Leaders of a pressure group protesting against a new legislation effectively scrapping draft deferments sought to downplay the opinion expressed by some officials that only a tiny minority of students is taking part in the protests as they gathered for their campaign again on Monday.
Several hundred students have been boycotting classes since last Tuesday, going around the campus of Yerevan State University, Armenia’s oldest and largest educational establishment, and urging their fellow-students to join their protest, as well as marching towards government building to show their disagreement with the bill already passed in its first reading late last month.
The bill stipulates that in order to get a draft deferment all male students who want to pursue their studies must sign contracts with the Ministry of Defense and agree to serve three years in the military after completing their studies at the location chosen by the Ministry. Otherwise, the students will be drafted to the army once they attain the age of 18.
The protesting students as well as several opposition parties in Armenia insist that the new government initiative seriously restricting the right to draft deferments will only harm the development of science in the country as most students will not pursue scientific careers after serving two or three years in the army. They acknowledge that there are corruption risks within the system, but insist that this situation should be addressed by the Ministry of Education and Science without the involvement of the Ministry of Defense.
Representatives of the protesting students met with Prime Minister Karen Karapetian, Education Minister Levon Mkrtchian and Defense Minister Vigen Sargsian last week. After the meetings, however, they said they did not accept the prime minister’s offer to get involved in a group tasked with drafting dozens of government decisions that would be needed for the implementation of the law.
Amid the protests, Eduard Sharmazanov, a deputy speaker of parliament and a senior member of the ruling Republican Party of Armenia, said last week that the protesting students constituted only a tiny minority of all students in Armenia, whose number is 87,000. He said that only a few students were boycotting classes or joining street protests and all of them were from Yerevan State University.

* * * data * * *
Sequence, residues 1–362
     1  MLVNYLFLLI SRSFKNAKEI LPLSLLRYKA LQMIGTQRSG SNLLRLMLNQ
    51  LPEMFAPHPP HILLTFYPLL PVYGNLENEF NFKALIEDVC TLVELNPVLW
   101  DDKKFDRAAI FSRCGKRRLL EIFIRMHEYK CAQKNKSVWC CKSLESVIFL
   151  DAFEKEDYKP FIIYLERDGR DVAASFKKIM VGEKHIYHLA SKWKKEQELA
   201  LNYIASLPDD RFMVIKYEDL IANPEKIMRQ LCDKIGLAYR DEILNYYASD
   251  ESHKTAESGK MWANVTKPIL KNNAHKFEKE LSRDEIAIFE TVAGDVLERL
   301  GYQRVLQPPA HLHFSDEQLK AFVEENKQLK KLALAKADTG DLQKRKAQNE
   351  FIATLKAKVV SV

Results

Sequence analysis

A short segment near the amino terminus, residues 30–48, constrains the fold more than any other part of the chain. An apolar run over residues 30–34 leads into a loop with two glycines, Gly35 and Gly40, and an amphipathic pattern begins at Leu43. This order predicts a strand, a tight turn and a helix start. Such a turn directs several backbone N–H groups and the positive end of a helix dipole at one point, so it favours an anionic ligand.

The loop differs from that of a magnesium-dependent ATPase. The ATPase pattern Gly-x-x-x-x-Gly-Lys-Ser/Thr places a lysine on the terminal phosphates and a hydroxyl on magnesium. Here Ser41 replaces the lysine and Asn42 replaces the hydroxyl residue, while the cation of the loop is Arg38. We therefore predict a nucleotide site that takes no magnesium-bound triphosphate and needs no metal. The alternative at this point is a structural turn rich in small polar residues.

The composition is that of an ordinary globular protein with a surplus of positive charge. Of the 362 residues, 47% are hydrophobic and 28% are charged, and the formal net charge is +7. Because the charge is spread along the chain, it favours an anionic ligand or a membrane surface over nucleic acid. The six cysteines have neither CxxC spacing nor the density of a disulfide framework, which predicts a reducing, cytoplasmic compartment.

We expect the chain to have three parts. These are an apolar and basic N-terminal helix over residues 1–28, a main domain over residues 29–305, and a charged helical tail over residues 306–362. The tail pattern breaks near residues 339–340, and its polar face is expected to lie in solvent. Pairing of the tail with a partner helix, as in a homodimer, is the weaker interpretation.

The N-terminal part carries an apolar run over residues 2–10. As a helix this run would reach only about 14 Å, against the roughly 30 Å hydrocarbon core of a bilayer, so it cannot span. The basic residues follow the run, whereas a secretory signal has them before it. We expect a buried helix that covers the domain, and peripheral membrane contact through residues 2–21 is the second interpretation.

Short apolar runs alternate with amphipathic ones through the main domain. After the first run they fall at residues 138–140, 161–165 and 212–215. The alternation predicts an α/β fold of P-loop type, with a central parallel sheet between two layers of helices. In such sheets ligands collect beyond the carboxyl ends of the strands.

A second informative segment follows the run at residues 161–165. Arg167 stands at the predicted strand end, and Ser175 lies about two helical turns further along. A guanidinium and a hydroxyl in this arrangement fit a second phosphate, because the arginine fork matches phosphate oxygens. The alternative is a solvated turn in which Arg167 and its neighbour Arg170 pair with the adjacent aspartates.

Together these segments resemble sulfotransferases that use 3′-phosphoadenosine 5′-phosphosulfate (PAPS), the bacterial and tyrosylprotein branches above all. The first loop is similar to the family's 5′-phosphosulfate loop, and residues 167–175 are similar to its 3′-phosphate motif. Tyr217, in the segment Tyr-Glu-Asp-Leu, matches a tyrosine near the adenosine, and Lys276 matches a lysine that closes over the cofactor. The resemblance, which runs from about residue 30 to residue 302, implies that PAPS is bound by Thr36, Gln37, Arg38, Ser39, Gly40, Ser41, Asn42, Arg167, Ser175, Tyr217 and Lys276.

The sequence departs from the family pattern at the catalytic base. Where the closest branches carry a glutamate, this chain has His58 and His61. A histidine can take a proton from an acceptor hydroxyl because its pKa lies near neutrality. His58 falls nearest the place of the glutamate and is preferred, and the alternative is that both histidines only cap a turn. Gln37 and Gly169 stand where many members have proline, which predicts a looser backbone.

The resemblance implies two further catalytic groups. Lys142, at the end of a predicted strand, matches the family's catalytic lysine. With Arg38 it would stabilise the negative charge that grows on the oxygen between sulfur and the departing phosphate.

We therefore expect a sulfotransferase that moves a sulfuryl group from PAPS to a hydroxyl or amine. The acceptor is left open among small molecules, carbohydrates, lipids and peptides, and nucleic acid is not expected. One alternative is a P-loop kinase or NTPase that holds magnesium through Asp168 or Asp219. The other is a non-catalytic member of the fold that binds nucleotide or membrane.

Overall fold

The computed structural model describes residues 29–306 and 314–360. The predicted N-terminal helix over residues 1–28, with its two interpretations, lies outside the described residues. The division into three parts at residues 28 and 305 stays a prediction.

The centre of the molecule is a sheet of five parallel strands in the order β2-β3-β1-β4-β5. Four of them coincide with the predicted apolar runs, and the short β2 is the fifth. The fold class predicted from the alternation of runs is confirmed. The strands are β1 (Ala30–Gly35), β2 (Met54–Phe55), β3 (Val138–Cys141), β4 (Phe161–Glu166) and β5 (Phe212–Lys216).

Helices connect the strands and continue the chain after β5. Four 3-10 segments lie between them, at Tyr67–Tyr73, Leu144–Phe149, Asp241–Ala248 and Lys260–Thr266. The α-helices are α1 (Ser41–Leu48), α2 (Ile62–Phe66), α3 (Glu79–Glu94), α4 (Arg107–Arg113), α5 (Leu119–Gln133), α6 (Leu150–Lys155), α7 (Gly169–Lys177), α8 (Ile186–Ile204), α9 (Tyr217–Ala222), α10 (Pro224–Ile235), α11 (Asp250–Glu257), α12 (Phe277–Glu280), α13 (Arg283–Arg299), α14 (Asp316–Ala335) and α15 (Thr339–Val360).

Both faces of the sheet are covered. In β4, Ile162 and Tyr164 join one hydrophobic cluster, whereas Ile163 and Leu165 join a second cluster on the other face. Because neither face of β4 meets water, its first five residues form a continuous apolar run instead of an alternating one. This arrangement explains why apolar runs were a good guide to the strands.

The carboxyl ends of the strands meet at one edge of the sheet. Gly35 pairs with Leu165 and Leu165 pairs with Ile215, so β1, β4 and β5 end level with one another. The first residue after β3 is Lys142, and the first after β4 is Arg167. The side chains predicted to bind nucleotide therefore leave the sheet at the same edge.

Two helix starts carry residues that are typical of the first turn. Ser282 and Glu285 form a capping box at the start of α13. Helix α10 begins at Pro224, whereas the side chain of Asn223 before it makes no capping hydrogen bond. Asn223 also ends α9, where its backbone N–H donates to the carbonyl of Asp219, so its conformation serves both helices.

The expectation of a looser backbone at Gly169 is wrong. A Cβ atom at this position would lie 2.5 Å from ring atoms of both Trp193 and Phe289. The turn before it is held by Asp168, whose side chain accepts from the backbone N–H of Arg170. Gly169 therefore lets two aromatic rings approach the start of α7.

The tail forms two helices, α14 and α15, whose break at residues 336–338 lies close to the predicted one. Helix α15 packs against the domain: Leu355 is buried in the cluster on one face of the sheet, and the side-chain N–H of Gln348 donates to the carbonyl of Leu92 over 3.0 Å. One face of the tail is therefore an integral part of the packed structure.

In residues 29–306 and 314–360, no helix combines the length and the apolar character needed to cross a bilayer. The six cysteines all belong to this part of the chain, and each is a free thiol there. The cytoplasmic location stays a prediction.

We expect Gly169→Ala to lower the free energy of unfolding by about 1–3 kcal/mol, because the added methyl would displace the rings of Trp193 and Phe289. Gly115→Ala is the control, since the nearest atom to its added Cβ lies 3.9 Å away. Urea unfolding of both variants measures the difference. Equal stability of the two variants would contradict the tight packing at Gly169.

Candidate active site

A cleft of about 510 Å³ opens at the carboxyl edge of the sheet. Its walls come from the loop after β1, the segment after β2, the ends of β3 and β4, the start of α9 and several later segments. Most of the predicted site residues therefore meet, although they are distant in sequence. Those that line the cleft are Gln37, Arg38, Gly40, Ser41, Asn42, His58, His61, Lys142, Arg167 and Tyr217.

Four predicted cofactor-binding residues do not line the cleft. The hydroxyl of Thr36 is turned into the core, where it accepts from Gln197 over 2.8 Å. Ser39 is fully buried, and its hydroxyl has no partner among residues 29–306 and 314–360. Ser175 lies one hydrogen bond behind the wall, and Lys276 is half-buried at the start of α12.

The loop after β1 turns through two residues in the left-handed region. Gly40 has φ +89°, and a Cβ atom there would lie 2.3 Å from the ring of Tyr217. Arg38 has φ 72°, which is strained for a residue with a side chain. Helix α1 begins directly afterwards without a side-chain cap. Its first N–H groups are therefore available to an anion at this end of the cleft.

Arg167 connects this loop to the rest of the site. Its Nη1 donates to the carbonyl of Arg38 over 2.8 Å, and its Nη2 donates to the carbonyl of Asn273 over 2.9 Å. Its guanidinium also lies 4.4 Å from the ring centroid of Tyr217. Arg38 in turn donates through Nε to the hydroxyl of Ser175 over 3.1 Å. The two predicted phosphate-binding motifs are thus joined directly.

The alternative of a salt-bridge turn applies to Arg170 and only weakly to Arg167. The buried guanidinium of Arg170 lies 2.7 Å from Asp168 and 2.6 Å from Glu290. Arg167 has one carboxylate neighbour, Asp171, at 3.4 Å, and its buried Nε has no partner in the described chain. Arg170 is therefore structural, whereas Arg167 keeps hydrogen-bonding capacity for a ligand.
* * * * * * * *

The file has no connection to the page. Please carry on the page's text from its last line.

On Monday, activists David Petrosian and Vahan Kostanian claimed that more of their fellow-students have jointed their boycott as they went to several faculties at the Yerevan State University campus and found empty class-rooms. They said that one does not have to come and stand next to them in the streets to show their position against the controversial legislation as boycotting classes was also a way of protest, albeit a ‘passive’ one.
“The mere fact that students boycott classes shows that they, too, participate in the protest in their own way," said Petrosian, who is one of the leaders of the group called “For Science Development” set up to oppose the controversial bill.
The vote on the bill in the second reading is due to take place on Tuesday and its passage appears a foregone conclusion considering that the ruling Republican Party of Armenia enjoys a comfortable majority in the legislature.
But Nataly Yoylian, one of the protesting students, believes that they will succeed in forcing the government to withdraw the legislation. “We are certain that the government will back down,” she told RFE/RL’s Armenian Service (Azatutyun.am) on Monday.